Introduction

By Charissa Dechène

We live in a hyper visual world and every day we are being confronted with a variety of visual images. These images are mediated, they are indirectly connected to social notions and ideologies. W. J. T. Mitchell, a professor of English and Art History at the University of Chicago, has argued that to live in any culture is to live in a visual culture. Visual culture should include all human social acts in relation to visual images. Images, he stated are

 ‘go-betweens’ in social transactions, as a repetoire of screen images or templates that structure our encounters with other human beings…these images are the filters through which we recognize and ofcourse misrecognize other people

Visual culture is different ways of seeing, or looking. It is the study of the social construction of the visual field AND the visual construction of the social field (Mitchell 2002).
Seeing is, according to visual culture studies, culturally determined. It is an act which is culturally structured and thus learned and adapted. Nicholas Mirzoeff, a professor of Media Culture and Communication at the University of New York, argued that culture in visual culture should refere to the politics of the act of seeing. We learn how to look at images and form internal thoughts, we are trained how to see things. We have visual literacy.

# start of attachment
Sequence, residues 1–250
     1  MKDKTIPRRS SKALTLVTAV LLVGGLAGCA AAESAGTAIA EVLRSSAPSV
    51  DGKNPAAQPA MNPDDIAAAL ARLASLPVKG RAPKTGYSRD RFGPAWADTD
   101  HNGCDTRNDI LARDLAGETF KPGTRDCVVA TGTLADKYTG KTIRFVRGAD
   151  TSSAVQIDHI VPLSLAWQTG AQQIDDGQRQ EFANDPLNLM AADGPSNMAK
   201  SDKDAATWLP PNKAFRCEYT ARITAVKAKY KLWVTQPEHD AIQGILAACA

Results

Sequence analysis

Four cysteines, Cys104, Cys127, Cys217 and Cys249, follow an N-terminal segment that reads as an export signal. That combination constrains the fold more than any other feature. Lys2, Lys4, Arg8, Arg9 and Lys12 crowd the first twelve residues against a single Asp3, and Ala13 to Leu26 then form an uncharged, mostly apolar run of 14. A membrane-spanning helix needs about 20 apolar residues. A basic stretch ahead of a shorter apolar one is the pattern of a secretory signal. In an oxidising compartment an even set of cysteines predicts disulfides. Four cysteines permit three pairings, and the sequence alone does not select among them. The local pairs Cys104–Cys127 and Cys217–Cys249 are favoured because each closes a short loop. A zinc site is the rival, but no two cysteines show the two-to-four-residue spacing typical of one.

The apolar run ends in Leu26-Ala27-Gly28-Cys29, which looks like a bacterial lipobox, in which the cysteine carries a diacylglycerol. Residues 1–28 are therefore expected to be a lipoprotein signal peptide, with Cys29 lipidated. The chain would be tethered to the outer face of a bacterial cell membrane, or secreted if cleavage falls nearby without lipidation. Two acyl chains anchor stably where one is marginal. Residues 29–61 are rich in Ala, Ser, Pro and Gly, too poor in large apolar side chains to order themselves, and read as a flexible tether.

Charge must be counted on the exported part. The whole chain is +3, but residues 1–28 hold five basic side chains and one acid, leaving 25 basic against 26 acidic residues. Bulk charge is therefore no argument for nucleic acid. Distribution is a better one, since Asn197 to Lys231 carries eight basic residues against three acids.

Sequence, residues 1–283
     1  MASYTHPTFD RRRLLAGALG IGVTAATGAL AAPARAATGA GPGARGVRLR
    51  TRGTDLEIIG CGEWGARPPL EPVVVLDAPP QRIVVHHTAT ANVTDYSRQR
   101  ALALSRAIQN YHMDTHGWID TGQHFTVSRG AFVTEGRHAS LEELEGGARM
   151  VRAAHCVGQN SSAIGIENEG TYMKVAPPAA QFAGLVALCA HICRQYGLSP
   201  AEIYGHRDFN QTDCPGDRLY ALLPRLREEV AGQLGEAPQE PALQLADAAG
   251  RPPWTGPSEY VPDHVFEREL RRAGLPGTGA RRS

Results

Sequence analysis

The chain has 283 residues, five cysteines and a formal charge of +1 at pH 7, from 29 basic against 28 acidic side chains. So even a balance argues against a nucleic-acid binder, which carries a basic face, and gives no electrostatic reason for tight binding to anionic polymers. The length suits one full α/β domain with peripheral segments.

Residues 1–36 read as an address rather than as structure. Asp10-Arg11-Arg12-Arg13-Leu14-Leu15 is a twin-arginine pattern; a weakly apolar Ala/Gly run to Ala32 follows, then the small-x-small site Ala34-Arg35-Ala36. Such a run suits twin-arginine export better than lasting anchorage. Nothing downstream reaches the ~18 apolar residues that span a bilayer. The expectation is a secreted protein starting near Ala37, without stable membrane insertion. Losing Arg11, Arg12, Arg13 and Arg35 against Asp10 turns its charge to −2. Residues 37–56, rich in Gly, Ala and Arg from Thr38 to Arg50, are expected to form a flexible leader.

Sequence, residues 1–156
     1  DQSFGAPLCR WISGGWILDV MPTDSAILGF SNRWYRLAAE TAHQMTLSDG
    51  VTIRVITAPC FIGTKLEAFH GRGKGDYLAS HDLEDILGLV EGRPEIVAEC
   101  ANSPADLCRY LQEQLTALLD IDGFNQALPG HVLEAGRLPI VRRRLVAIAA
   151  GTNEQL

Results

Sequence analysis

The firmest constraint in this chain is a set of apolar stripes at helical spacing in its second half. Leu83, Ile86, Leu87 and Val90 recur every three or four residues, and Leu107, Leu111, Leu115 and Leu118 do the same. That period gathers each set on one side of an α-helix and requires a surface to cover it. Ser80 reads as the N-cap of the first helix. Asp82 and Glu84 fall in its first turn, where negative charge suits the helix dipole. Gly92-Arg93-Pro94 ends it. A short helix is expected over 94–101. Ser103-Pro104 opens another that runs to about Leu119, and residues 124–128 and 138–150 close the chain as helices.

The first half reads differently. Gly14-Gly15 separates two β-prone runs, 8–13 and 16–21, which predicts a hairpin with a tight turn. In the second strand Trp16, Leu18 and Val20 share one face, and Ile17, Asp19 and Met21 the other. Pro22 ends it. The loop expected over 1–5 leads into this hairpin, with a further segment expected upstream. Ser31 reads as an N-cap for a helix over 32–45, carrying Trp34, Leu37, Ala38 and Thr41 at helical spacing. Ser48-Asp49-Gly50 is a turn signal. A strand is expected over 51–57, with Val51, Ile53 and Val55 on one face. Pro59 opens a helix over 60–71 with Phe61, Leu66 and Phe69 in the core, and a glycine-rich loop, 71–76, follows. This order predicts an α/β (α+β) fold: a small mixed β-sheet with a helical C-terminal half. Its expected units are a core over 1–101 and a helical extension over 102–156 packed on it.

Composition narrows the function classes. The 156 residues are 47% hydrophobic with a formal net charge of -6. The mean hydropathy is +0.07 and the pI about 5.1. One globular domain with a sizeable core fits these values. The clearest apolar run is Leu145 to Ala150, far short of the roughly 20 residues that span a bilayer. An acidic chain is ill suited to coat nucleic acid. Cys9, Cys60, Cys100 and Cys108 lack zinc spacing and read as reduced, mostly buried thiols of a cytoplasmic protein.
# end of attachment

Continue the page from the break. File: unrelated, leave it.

Just think about how we ‘naturally’ read pictures and advertisements. For example we have learned that the subject in a photograph is usually in the foreground and that two people posing with two children represent a ‘happy’ (nuclear) family.

As a cultural anthropologist with a special interest in media and visual culture I often look at visual images and connect them to wider social constructions, such as gender and politics. By using this blog I want to challenge the way we see everyday visual images.

If you want to contact me, please leave a comment or you can follow me on Twitter or Instagram.

Advertisements

Leave a Reply

Fill in your details below or click an icon to log in:

WordPress.com Logo

You are commenting using your WordPress.com account. Log Out /  Change )

Google+ photo

You are commenting using your Google+ account. Log Out /  Change )

Twitter picture

You are commenting using your Twitter account. Log Out /  Change )

Facebook photo

You are commenting using your Facebook account. Log Out /  Change )

w

Connecting to %s